Varying the twill

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For the Inexperienced Weaver – Varying the Twill

If you are taking your first steps with 4 shaft weaving you may have started with a straight warp threading (i.e. each shaft threaded in turn) and experimented with different lifts. Using a 2/2 twill on a warp which has been threaded with some changes in direction is an interesting second step.

Plain weave, 2/2 twill and basket weave on a straight threading

I have included drafts but have also given the order for threading the warp and lifting the shafts so it is not necessary to read the draft.

I normally have one of my teaching looms threaded up with a straight threading in the middle and some changes in direction at the sides. When someone who has never woven before has a go, there is a large enough area of straight twill for them to look at and follow, whilst the changes of direction give added interest.

I have used threadings with some changes of direction to make a bag using rug wool set at 3 epc (approx 8 epi). I have also woven a cushion cover with wool of count 2/8.4 nm (2 ply Shetland from Jamieson and Smith) set at 4.5 epc (approx 12 epi). 4/8 wc (2/6.6 nm) wool (double knitting thickness) set at 4 epc /10 epi should give a balanced weave but for scarves I set it at 4.5epc/12 epi to give a warp bias. Although many weavers do not recommend using double knitting wool, I have found it very easy to weave and the scarves are soft and wear well.

Bag woven at 3 epc in rug wool

Cushion cover woven at 4.7 epc. I changed the direction several times at the sides of the weaving to give a pattern in the corners

The following draft shows a suitable pattern if you want a weave a width of just under 8 inches woven at 8 epi (3 epc) or just over 6 inches woven at 10 epi (4 epc). Choose a good contrast between the warp and weft. Janet Phillips advises that a light warp and darker weft work better than a light weft on a dark warp.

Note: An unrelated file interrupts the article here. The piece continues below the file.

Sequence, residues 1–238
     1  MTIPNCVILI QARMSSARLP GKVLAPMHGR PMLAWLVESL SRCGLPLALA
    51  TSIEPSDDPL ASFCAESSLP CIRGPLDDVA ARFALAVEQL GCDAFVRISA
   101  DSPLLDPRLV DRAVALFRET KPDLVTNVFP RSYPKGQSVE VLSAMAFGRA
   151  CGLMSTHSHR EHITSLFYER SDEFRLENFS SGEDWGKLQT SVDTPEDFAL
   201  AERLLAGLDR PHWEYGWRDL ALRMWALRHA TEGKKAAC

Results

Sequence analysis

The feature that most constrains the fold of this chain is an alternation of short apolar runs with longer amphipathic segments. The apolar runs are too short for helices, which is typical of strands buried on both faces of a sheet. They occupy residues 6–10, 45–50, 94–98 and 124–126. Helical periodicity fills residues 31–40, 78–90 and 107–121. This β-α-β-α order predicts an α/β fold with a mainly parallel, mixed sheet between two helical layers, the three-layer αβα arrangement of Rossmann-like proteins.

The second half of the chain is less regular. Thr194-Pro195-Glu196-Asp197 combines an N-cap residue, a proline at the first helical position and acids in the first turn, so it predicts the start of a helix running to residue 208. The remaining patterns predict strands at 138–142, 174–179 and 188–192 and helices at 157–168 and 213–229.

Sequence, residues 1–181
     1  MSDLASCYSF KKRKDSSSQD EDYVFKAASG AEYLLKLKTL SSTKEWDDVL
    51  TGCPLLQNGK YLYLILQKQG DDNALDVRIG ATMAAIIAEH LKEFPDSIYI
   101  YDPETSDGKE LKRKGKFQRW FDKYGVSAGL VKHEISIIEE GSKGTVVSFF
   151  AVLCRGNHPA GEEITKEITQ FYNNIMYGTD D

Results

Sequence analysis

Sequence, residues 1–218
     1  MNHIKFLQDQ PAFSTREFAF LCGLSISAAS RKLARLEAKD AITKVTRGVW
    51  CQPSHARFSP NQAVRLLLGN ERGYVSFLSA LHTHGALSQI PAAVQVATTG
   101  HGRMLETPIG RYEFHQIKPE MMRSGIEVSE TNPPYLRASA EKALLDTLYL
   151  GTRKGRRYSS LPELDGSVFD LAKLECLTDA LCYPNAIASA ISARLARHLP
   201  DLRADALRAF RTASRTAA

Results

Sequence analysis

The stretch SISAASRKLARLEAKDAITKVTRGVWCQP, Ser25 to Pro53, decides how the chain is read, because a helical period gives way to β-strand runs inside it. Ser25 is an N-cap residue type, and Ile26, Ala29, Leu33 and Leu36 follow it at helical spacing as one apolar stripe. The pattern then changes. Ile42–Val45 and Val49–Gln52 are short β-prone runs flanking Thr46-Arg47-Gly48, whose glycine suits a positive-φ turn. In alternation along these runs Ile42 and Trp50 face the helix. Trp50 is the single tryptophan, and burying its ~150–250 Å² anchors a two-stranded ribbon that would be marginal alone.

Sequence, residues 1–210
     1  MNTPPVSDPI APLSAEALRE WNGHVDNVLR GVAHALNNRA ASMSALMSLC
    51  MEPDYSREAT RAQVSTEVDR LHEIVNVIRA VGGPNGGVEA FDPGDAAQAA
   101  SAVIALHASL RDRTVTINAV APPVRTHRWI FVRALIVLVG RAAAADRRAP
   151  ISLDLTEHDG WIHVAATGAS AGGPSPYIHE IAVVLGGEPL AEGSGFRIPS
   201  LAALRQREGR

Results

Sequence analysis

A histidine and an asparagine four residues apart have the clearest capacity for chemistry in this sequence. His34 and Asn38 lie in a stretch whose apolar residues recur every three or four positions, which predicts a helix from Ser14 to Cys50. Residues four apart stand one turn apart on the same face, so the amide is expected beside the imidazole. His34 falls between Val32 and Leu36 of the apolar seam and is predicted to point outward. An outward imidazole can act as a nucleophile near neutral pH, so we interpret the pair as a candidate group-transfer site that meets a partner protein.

In this article I have shown the drafts as lift plans. The main section shows the appearance of the weaving. The blue weft is visible where it goes over the white warp. The top horizontal section shows the order of threading the shafts and the right hand column shows the shafts that are lifted. However, I have also included the threading order and the order of lifting the shafts below so you can try these weaves without following the threading and lifting diagram.

If you want to use the drafts you can refer to Sue Dwyer’s article in Journal 221 which explains lift plans. It needs to be read together with her article on Pattern Drafting in Journal 220.

If you do not want to follow the top of the draft, thread from the left as follows.

    1. Leave one thread for a floating selvage
    2. Shafts 4,3,2,1 four times
    3. Shafts 2,3 4
    4. Shafts 1,2,3,4 three times
    5. Shafts 3,2,1
    6. Shafts 4,3,2 and 1 three times
    7. Shafts 2,3 4
    8. Shafts 1,2,3,4 three times
    9. Leave one thread for a floating selvage

(Total threads 63)

For a bigger width or a larger epc you could repeat steps e, f, g and h, or you could include more straight threading on each side or between the changes of direction.

When you are weaving twill the end thread sometimes stays in the same position for two lifts. An easy way round this is to have a floating selvedge. The end threads are not threaded through a heddle but are threaded through the reed. When you are weaving, the shuttle should enter the shed over this thread and go out under the thread at the other end.